RaskyR1
Mar 31st, 2009, 11:41 AM
Looks great Al!

Only thing I would suggest is to maybe take off the gold cover and make sure no water got down in the recessed area for the plugs.



Rasky

akimel
Mar 31st, 2009, 11:51 AM
Egads! Take off the gold cover? That's more intimidating for me than hosing the motor!! :nervous1

sudsbyhubbs
Mar 31st, 2009, 11:59 AM
Nice work Al :xyxthumbs

RaskyR1
Mar 31st, 2009, 12:04 PM
Egads! Take off the gold cover? That's more intimidating for me than hosing the motor!! :nervous1

I'm sure you are fine but on some older Honda/Acura motors I have seen water get down in there....of coarse we were using a pressure washer too. :D

akimel
Mar 31st, 2009, 04:16 PM
A question for the experienced engine bay detailers: Should I have covered up the battery? I did spray it with APC+ and I did subsequently rinse it with the hose. Was this wrong or dangerous?

02zx9r
Apr 15th, 2009, 08:53 AM
curious as well

roushstage2
Apr 15th, 2009, 10:01 AM
You may just want to watch the posts for any corrosion starting. If so, pick up a can of CRC Technician's Grade Battery Cleaner with Acid Indicator and spray the posts down, then just rinse with some water, ironically. Works quick and pretty dang well without any scrubbing too. Just did this on the Roush actually.

http://www.crcindustries.com/catalog/images/Cleaners%20and%20Degreasers/05023.jpg

stump
Apr 18th, 2009, 12:16 PM
i just love a clean engine! congratulations!

as for the dressing, i prefer hiper dressing for the engine and all exterior plastics, M40 is watter soluted and wont las as long on the engine as hiper dressing. i clean my engine twice a year and its the dressing is still there.

akimel
May 14th, 2009, 02:01 AM
For future reference, I want to register a correction to the process I outlined. After the application of the CD-2, I first allowed the engine to sit untouched for 20 minutes, per instructions, to allow the resins to penetrate and the solvents to evaporate. I then ran the engine 20 minutes. I misread the instructions at this point. I needed only to run the engine a few minutes (hood up). The directions then state that 20 minutes of normal driving will help the dressing to form a smooth uniform coating.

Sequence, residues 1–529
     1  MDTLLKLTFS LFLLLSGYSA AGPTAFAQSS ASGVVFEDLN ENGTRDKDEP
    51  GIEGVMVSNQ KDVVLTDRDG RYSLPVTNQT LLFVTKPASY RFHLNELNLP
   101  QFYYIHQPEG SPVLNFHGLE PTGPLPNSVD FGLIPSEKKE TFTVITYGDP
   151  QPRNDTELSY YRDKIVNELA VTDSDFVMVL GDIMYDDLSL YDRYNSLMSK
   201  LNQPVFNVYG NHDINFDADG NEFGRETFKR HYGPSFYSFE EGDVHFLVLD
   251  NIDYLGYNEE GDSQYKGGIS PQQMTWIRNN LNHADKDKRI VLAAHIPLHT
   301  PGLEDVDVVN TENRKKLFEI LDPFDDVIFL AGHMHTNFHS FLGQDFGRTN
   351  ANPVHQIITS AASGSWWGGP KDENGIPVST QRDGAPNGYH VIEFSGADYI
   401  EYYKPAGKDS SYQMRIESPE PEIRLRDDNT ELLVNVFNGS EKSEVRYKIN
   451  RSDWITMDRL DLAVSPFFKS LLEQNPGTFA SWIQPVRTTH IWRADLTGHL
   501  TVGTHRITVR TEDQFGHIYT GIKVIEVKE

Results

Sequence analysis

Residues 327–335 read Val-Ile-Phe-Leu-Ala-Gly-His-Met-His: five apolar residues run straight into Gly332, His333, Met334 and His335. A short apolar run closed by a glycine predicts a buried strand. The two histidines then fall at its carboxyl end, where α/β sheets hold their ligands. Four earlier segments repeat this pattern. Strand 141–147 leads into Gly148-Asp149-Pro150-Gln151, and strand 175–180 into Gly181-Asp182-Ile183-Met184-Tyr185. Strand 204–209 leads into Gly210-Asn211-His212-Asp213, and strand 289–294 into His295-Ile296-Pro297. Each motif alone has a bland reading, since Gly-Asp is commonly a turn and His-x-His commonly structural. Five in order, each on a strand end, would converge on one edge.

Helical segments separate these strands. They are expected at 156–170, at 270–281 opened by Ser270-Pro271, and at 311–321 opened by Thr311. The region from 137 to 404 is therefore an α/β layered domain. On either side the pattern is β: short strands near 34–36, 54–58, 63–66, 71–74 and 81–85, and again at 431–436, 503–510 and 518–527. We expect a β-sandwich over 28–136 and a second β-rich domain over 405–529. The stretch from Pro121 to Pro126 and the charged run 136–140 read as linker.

Alex C.
May 14th, 2009, 11:36 AM
Nothing wrong with cleaning and dressing the battery. Just try to not get any dressing on the posts. But as Tyler said, it can easily be removed with battery cleaner. They also make rubber covers that protect the posts.

xantonin
May 14th, 2009, 11:45 AM
That's odd, if you were so concerned with electrical parts, why didn't you disconnect the battery?

I know a lot about cars and I will disconnect my battery before detailing the engine. Then to be safe I cover the negative wire that connected to the battery in a plastic bag.

When I did my mothers car though I just covered the negative terminal with a paper bag but didn't disconnect it.

Alex C.
May 14th, 2009, 12:05 PM
That's odd, if you were so concerned with electrical parts, why didn't you disconnect the battery?

I know a lot about cars and I will disconnect my battery before detailing the engine. Then to be safe I cover the negative wire that connected to the battery in a plastic bag.

When I did my mothers car though I just covered the negative terminal with a paper bag but didn't disconnect it.


Disconnecting the ground is not entirely necessary. An extra precautionary step yes, but not a must. I've never felt the need to disconnect the ground anyways. But i do take the time to cover up the posts and cable ends with painters tape. Then i blast it with APC and dressing.

xantonin
May 14th, 2009, 12:13 PM
Oh I agree it's not necessary (hence why I didn't do it with my mothers car)

However if you're concerned over electrical issues the simplest way to avoid any problems is to eliminate the electrical source from conducting any electricity at all.

Just makes sense to me. You can wash a keyboard in the dishwasher and use it afterwards (assuming it's 100% dry and no soap remaining), however if you poor water on it while it's plugged in, you'll fry it. Same for your cell phone, if you remove the battery you can get it wet, if you allow it to dry it should still work (unless you have other water damage caused).